It sounds like you tested this by repeatedly commanding the servo to move 10° then making a mark where it moved to. So, to quantify the accuracy of your servo’s ability to repeatably move 10°, I found the difference (in degrees), between each of your marks then calculated the standard deviation of those differences. My calculation yielded a standard deviation value of about 1.1° for both of your data sets (the green dots and blue dots). Although servo manufacturers do not usually provide this type of information, I think this is about the accuracy that you should expect from hobby servos like this.
There are two main obstacles to compensating for this type of random error, neither of which can be overcome with your programming. First, the accuracy is going to be limited by the servos internal position control circuitry. Second, your testing setup to evaluate that accuracy seems susceptible to measurement error. It looks like your measurement accuracy depends on how well you can hold your marker normal to the surface to make the marks and your being able to make the mark without accidentally loading and deflecting the pointer.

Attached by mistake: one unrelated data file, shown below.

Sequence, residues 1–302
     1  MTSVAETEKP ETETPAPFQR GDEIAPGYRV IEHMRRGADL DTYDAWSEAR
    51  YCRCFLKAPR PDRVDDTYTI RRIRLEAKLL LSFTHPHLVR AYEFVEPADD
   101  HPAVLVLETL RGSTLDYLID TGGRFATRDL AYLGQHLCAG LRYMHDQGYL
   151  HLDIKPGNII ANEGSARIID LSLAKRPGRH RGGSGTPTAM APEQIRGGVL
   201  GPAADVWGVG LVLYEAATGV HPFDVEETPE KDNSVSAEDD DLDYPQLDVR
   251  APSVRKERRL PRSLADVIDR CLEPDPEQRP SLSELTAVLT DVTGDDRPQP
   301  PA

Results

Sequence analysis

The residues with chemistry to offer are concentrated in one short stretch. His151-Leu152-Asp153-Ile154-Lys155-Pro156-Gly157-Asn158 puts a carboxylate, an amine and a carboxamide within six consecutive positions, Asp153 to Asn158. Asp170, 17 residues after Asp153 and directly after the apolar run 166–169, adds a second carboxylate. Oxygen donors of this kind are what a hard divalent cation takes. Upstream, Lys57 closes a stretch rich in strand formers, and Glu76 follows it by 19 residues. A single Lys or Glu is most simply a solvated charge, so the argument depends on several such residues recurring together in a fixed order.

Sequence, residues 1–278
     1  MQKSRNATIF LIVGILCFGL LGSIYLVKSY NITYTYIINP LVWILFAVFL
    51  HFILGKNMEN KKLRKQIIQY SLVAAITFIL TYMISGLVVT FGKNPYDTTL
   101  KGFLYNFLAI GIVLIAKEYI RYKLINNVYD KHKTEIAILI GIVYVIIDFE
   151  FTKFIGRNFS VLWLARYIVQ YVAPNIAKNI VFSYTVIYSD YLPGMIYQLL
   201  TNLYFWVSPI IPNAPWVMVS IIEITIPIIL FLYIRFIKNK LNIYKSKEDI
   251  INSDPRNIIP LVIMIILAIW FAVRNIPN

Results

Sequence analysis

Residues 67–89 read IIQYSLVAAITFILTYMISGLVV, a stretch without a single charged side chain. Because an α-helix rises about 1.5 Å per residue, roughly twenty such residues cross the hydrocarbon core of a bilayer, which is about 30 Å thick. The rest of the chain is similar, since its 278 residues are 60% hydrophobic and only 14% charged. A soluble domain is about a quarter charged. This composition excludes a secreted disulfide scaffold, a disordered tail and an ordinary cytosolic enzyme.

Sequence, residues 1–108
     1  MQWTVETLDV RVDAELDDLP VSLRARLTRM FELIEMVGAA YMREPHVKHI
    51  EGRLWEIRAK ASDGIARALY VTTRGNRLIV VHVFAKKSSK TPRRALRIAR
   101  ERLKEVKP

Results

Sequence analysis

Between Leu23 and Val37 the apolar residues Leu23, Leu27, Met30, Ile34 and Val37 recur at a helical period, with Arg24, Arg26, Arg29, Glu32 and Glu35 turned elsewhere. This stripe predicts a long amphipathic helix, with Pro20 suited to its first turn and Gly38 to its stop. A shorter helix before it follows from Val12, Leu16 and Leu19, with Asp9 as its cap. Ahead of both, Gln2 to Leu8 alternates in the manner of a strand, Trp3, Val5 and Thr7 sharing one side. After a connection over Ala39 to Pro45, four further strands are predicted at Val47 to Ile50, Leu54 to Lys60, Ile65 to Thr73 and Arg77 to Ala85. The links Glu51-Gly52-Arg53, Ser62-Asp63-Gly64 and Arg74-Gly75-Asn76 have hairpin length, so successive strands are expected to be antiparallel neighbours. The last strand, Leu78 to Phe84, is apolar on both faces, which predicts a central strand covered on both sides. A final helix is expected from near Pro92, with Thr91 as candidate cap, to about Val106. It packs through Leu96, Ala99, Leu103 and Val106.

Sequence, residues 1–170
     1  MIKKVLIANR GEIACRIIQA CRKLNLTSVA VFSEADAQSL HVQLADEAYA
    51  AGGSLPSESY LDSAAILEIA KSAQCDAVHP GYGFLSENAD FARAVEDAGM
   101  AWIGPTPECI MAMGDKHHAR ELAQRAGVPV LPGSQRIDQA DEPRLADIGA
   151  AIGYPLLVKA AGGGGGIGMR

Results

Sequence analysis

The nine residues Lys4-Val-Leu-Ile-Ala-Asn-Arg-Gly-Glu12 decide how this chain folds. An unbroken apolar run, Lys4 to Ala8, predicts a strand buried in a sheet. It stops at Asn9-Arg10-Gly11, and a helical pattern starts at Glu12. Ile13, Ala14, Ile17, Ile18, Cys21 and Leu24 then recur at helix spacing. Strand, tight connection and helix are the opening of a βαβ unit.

If it is important for you to achieve more accurate motions, you might consider using one of our servos that provide access to the feedback voltage. Using the analog feedback, you can take the position accuracy into your own hands by making your own position control algorithm that will act in addition to the servo’s control circuitry. You can identify the servos with analog feedback on the table from our RC-Servos category page by looking for checks in the “Feedback?” column. The FEETECH FS90-FB servo has the most similar characteristics to the Power HD Micro Servo HD-1900A.